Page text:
This insanely advanced technology could power a future colony on Mars.

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When you think of Siemens, you might think of everything from generators to LED screens to one of the big-name sponsors behind PBS programming—but start thinking in terms of Martian habitats.

Joining the race to Mars right behind Tesla and SpaceX mogul Elon Musk is the industrial manufacturing monolith, whose experience in generating energy could possibly power a human colony on a planet that would otherwise be perilous to our survival. Sunlight that filters through the reddish dust in what could pass for an atmosphere can be harnessed by solar panels. The same wind that obliterated most of its atmosphere can be the force behind sustaining human life. Mars may be devoid of water and oxygen, but it has no shortage of potential energy.

"Mars will be the ultimate microgrid," claims the company’s website. "With no centralized power sources, communities will one day rely on decentralized energy systems."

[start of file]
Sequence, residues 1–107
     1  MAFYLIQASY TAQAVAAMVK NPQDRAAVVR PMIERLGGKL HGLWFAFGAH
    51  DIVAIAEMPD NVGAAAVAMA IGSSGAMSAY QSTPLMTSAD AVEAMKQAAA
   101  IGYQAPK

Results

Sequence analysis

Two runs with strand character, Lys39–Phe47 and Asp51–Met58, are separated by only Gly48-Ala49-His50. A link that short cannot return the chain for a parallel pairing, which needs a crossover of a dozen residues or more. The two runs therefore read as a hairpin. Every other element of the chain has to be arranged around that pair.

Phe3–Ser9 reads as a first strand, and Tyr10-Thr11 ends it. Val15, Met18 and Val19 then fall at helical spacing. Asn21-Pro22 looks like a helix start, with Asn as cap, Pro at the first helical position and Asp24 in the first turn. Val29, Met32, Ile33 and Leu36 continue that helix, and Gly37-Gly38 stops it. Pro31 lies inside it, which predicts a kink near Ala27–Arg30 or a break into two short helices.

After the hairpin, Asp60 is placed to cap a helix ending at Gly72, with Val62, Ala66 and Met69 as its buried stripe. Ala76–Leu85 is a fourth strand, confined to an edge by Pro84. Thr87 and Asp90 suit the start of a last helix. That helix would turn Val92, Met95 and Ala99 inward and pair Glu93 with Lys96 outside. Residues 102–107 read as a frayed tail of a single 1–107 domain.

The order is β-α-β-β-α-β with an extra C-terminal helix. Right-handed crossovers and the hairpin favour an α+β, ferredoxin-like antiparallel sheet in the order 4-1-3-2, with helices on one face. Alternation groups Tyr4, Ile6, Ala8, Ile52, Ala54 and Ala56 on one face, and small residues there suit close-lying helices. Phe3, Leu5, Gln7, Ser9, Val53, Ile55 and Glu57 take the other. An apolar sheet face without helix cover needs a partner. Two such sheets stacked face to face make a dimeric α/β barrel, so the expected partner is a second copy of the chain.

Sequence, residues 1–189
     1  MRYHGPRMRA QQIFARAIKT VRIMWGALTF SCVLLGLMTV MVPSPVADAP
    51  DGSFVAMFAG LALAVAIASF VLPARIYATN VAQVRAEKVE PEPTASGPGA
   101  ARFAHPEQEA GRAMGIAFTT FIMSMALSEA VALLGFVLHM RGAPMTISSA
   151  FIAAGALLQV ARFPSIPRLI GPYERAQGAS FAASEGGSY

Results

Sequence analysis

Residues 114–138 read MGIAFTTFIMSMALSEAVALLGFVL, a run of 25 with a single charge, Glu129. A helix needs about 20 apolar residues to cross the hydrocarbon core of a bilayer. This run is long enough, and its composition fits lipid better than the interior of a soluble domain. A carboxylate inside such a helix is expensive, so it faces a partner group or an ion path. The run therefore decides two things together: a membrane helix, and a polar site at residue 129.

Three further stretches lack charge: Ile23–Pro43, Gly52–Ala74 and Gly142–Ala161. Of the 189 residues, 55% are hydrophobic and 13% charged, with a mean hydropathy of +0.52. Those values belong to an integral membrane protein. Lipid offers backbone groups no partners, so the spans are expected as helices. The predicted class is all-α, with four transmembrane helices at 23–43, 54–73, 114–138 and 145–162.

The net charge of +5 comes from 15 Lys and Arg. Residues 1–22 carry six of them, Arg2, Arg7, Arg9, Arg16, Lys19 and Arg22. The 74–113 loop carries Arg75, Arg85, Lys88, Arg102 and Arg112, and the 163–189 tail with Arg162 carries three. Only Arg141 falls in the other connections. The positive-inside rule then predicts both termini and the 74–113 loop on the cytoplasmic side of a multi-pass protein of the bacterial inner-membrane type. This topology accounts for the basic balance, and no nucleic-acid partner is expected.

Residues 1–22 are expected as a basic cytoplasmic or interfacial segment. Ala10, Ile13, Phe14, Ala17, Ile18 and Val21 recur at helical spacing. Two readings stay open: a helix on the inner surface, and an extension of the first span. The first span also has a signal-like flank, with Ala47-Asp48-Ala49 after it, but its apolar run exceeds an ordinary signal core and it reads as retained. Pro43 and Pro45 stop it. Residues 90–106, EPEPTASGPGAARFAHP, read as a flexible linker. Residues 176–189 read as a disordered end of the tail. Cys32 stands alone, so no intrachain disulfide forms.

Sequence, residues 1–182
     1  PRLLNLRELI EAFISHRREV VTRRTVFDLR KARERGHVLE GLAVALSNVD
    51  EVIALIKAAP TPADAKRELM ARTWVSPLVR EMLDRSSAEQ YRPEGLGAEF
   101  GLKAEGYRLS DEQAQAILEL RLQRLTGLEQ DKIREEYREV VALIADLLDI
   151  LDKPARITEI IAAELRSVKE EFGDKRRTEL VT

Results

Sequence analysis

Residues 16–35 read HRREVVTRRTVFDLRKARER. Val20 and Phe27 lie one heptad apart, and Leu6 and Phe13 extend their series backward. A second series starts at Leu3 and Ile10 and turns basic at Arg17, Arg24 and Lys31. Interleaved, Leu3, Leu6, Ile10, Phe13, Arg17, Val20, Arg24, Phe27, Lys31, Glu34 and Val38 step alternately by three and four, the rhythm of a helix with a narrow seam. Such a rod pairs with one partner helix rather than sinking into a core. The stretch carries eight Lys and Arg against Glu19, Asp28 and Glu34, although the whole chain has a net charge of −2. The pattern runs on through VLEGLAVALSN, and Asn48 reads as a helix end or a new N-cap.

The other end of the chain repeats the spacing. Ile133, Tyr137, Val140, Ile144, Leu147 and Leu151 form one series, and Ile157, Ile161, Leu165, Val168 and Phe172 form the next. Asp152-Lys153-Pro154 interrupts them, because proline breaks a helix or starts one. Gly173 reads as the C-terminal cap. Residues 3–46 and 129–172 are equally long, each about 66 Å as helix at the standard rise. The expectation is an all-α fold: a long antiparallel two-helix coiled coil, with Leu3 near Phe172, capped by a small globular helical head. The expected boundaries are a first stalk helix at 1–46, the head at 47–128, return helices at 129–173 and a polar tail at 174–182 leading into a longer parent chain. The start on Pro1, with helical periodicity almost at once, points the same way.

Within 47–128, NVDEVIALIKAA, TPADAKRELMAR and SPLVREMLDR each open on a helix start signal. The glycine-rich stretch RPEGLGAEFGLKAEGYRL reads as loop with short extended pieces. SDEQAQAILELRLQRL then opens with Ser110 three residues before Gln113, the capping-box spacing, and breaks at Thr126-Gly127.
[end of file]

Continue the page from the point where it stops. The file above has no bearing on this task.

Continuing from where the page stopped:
Siemens’ future Martian technology was inspired by something much closer to Earth. When the people of the Aboriginal Wiyot reservation north of San Francisco recently experienced glitches in power due to interferences from the Pacific Gas & Electric power grid, Siemens joined forces with them to devise a method to fuel the reservation that would be both reliable and environmentally conscious. The microgrid that was the brainchild of this thinking runs on a 500-kilowatt array of REC Solar solar panels and a Tesla battery storage system, among other instruments. Maintenance is overseen through a computerized management system that determines where power resources are best used.

The best part? Power from the grid can be replaced even when it’s down.

This is the same type of technology Siemens hopes to someday use to keep a Martian colony flourishing, though requirements are bound to change on an alien planet lacking an atmosphere. Siemens Energy Management director of microgrid and renewable integration Clark Wiedetz is unsure of the variables that will make sense for Mars, but at least the microgrid is not dependent on cloud computing, which would be impossible to access 33.9 million miles from Earth. Maintenance in the Wiyot reservation is mostly overseen by the residents with some remote assistance, which is the same expected of astronauts journeying into deep space.

Tesla and SolarCity also recently installed a microgrid run by batteries and solar panels that power an entire island for three days, even with overcast skies. Considering all that dust obscuring the view on Mars, this could be one more small step toward mankind going Martian.

(via Seeker)